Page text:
Leaving the Atocha Station

Today I’m kicking-off a new monthly series, Book Club Wine Pairings, in which I’ll select one of my favorite books and pair it with a great wine. Drinking wine and discussing books are two of my favorite pastimes — in fact, it was my post-college book club that got me into wine in the first place — so it only seemed fitting to bring my passion for both mediums to VinePair.

In this monthly feature I’ll pair books with wine, explore wine and literature, and wines with literary-leanings (design-wise and otherwise). I’ll also include questions about both the book and the wine, in case you want to discuss them with your group! I hope that you’ll adopt both the book and the wine for your next book club, and then check back in to let me know how it all worked out.

As I’m on the topic of art, the first book I’ll pair is one that is focused on the idea of beauty and, through beauty, an exploration of life.

Get the latest in beer, wine, and cocktail culture sent straight to your inbox.

Several years ago, I came across Ben Lerner’s brilliant Leaving the Atocha Station (Coffee House Press) and was mesmerized by the writing and the artful link between the meanderings of his protagonist’s physical self and the meanderings of his mind. The exploration of beauty, art, technology, and translation left much to think about and, thanks to my book club, discuss.

The novel, set in Spain, takes readers on a journey through the eyes of Adam Gordon, a young American poet on a prestigious fellowship in Madrid. During his time in Spain, Adam meditates on the idea of the “profound,” on poetry itself, on the meaning of authenticity, emotion and art, and, not surprisingly, language and translation.

Bodegas VolverIf you’re looking for a compelling and thoughtful read and are ready for a little mental exercise — in my opinion, a perfect book club book — then I think you’re in for a treat.

Now for the wine. As the narrative of Lerner’s novel unfolds on a Spanish backdrop, a perfect pairing is a wine that hails from Spain, specifically a wine from Castilla-La Mancha, home to the famous literary figure Don Quixote. I recommend trying Bodegas Volver ‘Volver’ Single Vineyard Tempranillo. If you’re having trouble finding a wine from Castilla-La Mancha or my specific recommendation, just try to find a Spanish Tempranillo!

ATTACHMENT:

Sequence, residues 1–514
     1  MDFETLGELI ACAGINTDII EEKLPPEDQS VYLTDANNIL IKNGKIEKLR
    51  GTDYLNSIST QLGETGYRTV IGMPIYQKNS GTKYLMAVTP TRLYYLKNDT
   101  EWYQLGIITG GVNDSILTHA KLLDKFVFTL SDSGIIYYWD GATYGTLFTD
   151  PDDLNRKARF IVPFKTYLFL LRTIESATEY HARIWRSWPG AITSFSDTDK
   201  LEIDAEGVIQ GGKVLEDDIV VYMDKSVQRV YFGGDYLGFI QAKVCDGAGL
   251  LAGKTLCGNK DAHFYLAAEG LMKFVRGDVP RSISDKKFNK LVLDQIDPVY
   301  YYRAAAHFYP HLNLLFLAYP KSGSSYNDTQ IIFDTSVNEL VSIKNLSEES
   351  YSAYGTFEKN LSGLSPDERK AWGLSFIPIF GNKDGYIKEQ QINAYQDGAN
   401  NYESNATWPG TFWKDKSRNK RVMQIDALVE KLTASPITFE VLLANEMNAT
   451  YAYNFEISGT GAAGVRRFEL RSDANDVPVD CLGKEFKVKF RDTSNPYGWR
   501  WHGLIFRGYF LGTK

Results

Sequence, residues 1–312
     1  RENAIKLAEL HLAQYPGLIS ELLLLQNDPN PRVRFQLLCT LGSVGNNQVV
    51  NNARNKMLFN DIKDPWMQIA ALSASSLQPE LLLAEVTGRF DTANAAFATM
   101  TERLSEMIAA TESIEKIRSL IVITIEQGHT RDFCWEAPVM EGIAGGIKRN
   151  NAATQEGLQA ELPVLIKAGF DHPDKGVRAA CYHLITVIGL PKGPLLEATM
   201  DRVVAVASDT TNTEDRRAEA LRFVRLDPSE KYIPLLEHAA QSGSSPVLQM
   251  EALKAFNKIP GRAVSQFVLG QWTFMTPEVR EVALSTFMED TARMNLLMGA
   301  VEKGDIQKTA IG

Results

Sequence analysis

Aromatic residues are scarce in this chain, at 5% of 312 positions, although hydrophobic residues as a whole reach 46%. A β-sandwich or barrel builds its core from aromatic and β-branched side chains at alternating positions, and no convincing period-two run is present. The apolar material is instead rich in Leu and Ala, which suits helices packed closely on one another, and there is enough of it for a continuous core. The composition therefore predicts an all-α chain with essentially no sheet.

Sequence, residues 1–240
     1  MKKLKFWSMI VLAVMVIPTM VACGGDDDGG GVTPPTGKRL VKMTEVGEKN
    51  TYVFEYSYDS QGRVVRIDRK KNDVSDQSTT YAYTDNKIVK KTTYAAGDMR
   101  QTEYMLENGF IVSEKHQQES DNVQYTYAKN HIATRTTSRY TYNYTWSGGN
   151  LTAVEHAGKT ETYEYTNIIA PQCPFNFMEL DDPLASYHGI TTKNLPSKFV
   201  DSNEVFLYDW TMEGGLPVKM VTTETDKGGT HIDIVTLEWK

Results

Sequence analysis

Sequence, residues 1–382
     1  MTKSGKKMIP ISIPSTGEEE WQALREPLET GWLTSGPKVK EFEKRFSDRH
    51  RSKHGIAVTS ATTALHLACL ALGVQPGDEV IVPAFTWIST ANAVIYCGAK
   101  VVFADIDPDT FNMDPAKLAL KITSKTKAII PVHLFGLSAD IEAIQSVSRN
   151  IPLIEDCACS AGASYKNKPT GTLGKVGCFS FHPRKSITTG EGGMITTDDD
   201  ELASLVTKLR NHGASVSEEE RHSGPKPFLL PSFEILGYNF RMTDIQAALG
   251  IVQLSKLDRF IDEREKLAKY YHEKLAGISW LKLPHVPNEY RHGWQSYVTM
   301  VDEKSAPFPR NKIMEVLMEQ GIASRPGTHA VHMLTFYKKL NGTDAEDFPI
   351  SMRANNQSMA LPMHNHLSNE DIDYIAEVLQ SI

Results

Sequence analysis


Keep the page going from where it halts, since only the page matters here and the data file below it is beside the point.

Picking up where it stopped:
If you’re unfamiliar with Tempranillo, you may know the famous Spanish wine in which it is the key ingredient, Rioja. However, unlike Rioja, which can be quite expensive, quality Tempranillo can often be found for under $25. It’s a great wine to bring to a book club! You can let your book club know that if they haven’t had Tempranillo before, but enjoy Cabernet Sauvignon, then this is a great wine for them to try.

With Robert Louis Stevenson’s quote “Wine is bottled poetry” in mind, I can’t think of a more fitting beverage to drink with a book about a poet in Spain than Tempranillo.

Book Club Questions

From Coffee House Press

  1. At the beginning of the novel, Adam wonders if it’s possible to have a “profound experience of art” (p. 8). How does he continue to grapple with this question throughout the novel?
  2. The narrator’s poor Spanish often provides the reader with several possible translations for what is being said. His first conversation with Isabel (pp. 13-14) is one example. What is the effect of this?
  3. Although Adam is a first person narrator, he spends a lot of time imagining how other people see him. How does self-consciousness define his character? Are you able to see a “true” Adam behind his constructed image?
  4. Adam seems to become increasingly detached and mentally unstable as the novel progresses. How is this communicated to the reader? What events or realizations push him toward further instability?

Wine Questions

  1. Tempranillo is said to have aromas and flavors such as berries, plum, tobacco, vanilla, leather, and herbs. Do you smell or taste any of these flavors in the wine? If not, what other aromas and flavors are present for you? (Remember, every person will taste and smell different flavors based on their own repertoire of experiences.)
  2. Think about the wine in relation to Spain. What types of Spanish food do you think would taste good with this wine?
  3. Do you like it? Why or why not? No answer is wrong!